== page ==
Henry Ryecroft’s Place of Longing

15 Apr

The Private Papers of Henry RyecroftI have been spending a week in Somerset. The right June weather put me in the mind for rambling, and my thoughts turned to the Severn Sea. I went to Glastonbury and Wells, and on to Cheddar, and so to the shore of the Channel at Clevedon, remembering my holiday of fifteen years ago, and too often losing myself in a contrast of the man I was then and what I am now. Beautiful beyond all words of description that nook of oldest England; but that I feared the moist and misty winter climate, I should have chosen some spot below the Mendips for my home and resting-place. Unspeakable the charm to my ear of those old names; exquisite the quiet of those little towns, lost amid tilth and pasture, untouched as yet by the fury of modern life, their ancient sanctuaries guarded, as it were, by noble trees and hedges overrun with flowers. In all England there is no sweeter and more varied prospect than that from the hill of the Holy Thorn at Glastonbury; in all England there is no lovelier musing place than the leafy walk beside the Palace Moat at Wells. As I think of the golden hours I spent there, a passion to which I can give no name takes hold upon me; my heart trembles with an indefinable ecstasy.

(George Gissing, The Private Papers of Henry Ryecroft (London: Archibald Constable & Co., 1904), pp. 81-2.)

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One Response to “Henry Ryecroft’s Place of Longing”

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  1. Saudade « The Place of Longing - April 15, 2010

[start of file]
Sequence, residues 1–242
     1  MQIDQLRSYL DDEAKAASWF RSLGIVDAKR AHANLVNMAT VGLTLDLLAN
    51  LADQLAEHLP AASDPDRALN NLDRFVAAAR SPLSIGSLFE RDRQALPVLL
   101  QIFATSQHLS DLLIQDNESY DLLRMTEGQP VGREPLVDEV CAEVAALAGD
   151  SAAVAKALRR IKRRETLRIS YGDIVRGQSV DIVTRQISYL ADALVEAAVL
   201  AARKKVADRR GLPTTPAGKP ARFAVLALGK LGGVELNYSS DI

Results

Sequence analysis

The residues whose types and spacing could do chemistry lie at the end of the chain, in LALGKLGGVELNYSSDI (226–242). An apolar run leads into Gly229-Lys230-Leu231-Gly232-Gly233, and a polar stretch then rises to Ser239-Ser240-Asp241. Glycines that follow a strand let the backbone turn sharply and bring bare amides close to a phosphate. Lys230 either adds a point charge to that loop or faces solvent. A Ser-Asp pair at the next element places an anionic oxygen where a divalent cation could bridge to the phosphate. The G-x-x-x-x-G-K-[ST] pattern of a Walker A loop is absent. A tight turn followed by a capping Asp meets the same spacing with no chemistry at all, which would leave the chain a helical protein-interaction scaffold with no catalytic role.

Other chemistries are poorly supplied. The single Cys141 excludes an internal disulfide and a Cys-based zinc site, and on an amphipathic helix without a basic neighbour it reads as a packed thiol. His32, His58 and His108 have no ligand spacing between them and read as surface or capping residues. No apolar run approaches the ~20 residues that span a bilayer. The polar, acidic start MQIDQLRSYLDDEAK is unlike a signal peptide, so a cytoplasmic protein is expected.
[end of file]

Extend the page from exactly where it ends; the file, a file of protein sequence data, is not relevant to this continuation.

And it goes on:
[…] Aubrey Bell, writing some twenty years later, states that ‘the word cannot be translated exactly, but corresponds to the Greek πόθος, Latin desiderium, Catalan anyoranza, Galician morriña, German Sehnsucht, Russian тоска (pron. taská). It is the “passion for which I can find no name”’. (Aubrey F.G. Bell, Portuguese Literature (Oxford University Press, 1970), p. 135, fn. 1.) Interestingly, Bell, like Viana before him, does not attempt a single English term for saudade, relying on a list of words in other languages and a quotation from George Gissing’s The Private Papers of Henry Ryecroft. Actually, this is a misquotation; the original reads ‘a passion to which I can give no name’. The difference is immaterial yet it is worth remembering the original phrase within its context as it is most appropriate for a consideration of the relationship between loss and desire that saudade is supposed to evoke. Ryecroft’s place of longing has therefore been given its own entry. […]

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